Wednesday October 10, 2018, has been reached - this is the date that The Economist reveals we stand "ready for a new global currency." Should Bitcoin without warning satisfy that role right now?
October 10 marks a debatably great date in Bitcoin's history - but as of now, nothing seems any different.
Per the now-unpopular cover of The Economist 3 decades ago in 1988, Wednesday's watershed period should imply the globe's occupants are carrying out transactions in the same universal currency.
“Thirty years from now, Americans, Japanese, Europeans, and people in many other rich countries, and some relatively poor ones will probably be paying for their shopping with the same currency,” the accompanying article reads.
The cover art portrays a phoenix surrounding a coin with the figures 10 and 2018 inscribed in it. Below it, the dollar burns.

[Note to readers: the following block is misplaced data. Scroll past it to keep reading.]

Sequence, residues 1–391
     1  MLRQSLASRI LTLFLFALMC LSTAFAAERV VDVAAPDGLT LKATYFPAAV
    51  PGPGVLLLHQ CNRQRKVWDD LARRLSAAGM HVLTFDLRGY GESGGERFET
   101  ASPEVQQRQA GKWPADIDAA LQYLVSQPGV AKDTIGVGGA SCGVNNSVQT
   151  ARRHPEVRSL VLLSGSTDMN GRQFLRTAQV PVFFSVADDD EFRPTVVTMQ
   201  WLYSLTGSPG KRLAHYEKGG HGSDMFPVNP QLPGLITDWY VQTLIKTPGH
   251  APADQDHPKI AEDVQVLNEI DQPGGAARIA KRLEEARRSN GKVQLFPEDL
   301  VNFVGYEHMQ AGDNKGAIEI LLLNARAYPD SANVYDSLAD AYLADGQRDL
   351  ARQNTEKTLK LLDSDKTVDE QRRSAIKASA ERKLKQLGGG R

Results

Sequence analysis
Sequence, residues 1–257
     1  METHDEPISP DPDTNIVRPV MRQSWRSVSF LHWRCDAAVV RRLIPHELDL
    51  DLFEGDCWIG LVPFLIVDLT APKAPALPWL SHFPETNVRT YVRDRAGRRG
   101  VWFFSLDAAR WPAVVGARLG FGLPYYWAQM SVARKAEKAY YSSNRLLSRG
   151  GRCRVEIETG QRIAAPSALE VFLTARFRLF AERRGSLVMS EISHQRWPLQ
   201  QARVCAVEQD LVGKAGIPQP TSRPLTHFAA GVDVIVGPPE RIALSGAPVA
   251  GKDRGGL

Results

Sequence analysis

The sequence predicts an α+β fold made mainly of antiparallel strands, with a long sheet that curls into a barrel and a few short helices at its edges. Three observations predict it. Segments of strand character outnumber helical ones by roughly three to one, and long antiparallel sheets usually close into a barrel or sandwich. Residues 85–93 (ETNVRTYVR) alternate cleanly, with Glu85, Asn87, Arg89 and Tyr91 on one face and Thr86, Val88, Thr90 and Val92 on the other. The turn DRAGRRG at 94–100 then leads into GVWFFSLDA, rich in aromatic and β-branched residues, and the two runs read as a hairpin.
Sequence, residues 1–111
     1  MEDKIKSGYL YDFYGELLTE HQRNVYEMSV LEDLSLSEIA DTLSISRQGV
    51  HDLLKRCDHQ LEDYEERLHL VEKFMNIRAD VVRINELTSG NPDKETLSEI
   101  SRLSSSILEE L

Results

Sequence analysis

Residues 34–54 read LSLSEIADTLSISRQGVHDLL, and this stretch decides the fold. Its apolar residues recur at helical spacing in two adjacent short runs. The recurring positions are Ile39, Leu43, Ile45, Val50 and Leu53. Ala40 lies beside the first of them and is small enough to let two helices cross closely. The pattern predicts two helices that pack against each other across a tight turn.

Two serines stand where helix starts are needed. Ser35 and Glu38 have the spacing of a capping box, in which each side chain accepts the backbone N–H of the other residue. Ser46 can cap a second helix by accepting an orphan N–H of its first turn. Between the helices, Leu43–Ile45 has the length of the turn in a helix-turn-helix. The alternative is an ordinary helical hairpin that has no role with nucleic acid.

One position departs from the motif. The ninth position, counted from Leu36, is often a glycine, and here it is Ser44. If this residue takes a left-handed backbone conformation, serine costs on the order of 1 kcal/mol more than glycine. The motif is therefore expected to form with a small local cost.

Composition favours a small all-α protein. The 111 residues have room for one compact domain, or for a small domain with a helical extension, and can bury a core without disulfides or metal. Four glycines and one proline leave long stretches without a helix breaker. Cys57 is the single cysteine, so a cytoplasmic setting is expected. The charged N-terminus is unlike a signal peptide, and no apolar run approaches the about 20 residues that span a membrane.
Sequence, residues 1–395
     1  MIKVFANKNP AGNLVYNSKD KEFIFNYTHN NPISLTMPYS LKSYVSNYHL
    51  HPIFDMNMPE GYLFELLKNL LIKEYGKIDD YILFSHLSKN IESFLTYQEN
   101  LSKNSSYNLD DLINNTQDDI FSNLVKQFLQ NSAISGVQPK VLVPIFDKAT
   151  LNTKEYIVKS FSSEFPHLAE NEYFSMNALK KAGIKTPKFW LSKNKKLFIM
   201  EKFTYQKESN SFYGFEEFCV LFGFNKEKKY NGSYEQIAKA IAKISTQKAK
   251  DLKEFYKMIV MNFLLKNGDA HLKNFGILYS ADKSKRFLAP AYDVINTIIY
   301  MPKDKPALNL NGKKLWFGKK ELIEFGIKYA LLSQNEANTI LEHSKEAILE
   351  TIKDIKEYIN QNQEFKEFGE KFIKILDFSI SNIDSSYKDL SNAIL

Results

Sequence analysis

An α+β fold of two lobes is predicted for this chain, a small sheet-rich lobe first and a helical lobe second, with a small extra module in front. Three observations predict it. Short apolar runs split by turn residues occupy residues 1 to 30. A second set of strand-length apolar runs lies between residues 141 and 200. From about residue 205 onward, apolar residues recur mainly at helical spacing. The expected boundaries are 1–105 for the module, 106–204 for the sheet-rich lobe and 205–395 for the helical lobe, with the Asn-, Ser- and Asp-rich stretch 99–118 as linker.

Several speculators have for ages marvelled whether the hinted at deadline, Wednesday, October 10, means a significant change could still happen.
The deadline has been reached, and the globe is, in fact, transacting in one currency of choice, and in this case, it's Bitcoin, though in small numbers.
According to the article, The Economist seems to have expected a lot more progress to have been made by this point than what has happened in the real world.
“Prices will be quoted not in dollars, yen or D-marks but in, let’s say, the phoenix,” it continued. “The phoenix will be favoured by companies and shoppers because it will be more convenient than today’s national currencies, which by then will seem a quaint cause of much disruption to economic life in the last twentieth century.”
A particle of truth can certainly be noticed in some of the publication's forecasts, but as Wednesday of this week went on, Bitcoin markets seemed under-prepared for widespread movement.